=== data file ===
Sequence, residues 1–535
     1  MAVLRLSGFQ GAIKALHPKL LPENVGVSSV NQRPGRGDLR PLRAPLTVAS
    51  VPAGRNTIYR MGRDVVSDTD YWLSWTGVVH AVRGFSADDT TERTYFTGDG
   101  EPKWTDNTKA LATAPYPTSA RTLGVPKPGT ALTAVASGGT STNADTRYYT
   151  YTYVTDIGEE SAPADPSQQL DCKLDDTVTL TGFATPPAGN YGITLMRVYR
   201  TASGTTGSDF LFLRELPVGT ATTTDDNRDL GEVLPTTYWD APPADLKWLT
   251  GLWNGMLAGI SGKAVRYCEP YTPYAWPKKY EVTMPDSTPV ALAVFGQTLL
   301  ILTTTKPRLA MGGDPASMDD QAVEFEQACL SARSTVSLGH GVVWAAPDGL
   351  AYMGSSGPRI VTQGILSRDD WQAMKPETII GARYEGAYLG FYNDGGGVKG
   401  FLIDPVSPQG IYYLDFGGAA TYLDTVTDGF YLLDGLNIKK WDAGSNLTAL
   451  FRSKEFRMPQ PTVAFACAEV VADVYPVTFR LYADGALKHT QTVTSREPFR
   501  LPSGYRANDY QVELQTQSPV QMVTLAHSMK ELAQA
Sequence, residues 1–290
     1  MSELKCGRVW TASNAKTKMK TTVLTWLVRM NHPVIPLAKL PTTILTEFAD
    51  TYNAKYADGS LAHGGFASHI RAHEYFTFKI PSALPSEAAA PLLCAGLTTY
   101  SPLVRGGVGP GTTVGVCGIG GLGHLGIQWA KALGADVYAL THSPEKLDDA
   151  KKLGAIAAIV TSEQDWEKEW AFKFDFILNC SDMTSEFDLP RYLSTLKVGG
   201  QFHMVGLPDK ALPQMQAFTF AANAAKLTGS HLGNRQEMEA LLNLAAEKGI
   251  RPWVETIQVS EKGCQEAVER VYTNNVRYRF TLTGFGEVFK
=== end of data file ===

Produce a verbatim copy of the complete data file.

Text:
Sequence, residues 1–535
     1  MAVLRLSGFQ GAIKALHPKL LPENVGVSSV NQRPGRGDLR PLRAPLTVAS
    51  VPAGRNTIYR MGRDVVSDTD YWLSWTGVVH AVRGFSADDT TERTYFTGDG
   101  EPKWTDNTKA LATAPYPTSA RTLGVPKPGT ALTAVASGGT STNADTRYYT
   151  YTYVTDIGEE SAPADPSQQL DCKLDDTVTL TGFATPPAGN YGITLMRVYR
   201  TASGTTGSDF LFLRELPVGT ATTTDDNRDL GEVLPTTYWD APPADLKWLT
   251  GLWNGMLAGI SGKAVRYCEP YTPYAWPKKY EVTMPDSTPV ALAVFGQTLL
   301  ILTTTKPRLA MGGDPASMDD QAVEFEQACL SARSTVSLGH GVVWAAPDGL
   351  AYMGSSGPRI VTQGILSRDD WQAMKPETII GARYEGAYLG FYNDGGGVKG
   401  FLIDPVSPQG IYYLDFGGAA TYLDTVTDGF YLLDGLNIKK WDAGSNLTAL
   451  FRSKEFRMPQ PTVAFACAEV VADVYPVTFR LYADGALKHT QTVTSREPFR
   501  LPSGYRANDY QVELQTQSPV QMVTLAHSMK ELAQA
Sequence, residues 1–290
     1  MSELKCGRVW TASNAKTKMK TTVLTWLVRM NHPVIPLAKL PTTILTEFAD
    51  TYNAKYADGS LAHGGFASHI RAHEYFTFKI PSALPSEAAA PLLCAGLTTY
   101  SPLVRGGVGP GTTVGVCGIG GLGHLGIQWA KALGADVYAL THSPEKLDDA
   151  KKLGAIAAIV TSEQDWEKEW AFKFDFILNC SDMTSEFDLP RYLSTLKVGG
   201  QFHMVGLPDK ALPQMQAFTF AANAAKLTGS HLGNRQEMEA LLNLAAEKGI
   251  RPWVETIQVS EKGCQEAVER VYTNNVRYRF TLTGFGEVFK